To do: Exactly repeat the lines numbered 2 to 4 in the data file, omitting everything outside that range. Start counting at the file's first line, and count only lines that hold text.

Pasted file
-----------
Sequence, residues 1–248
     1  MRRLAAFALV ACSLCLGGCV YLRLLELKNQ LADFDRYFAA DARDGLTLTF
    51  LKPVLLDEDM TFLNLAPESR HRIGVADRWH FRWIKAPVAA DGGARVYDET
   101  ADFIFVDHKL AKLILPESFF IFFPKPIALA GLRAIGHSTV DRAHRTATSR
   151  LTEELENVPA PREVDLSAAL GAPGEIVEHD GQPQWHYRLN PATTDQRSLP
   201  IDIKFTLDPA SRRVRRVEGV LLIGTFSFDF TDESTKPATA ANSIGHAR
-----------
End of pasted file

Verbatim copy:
     1  MRRLAAFALV ACSLCLGGCV YLRLLELKNQ LADFDRYFAA DARDGLTLTF
    51  LKPVLLDEDM TFLNLAPESR HRIGVADRWH FRWIKAPVAA DGGARVYDET
   101  ADFIFVDHKL AKLILPESFF IFFPKPIALA GLRAIGHSTV DRAHRTATSR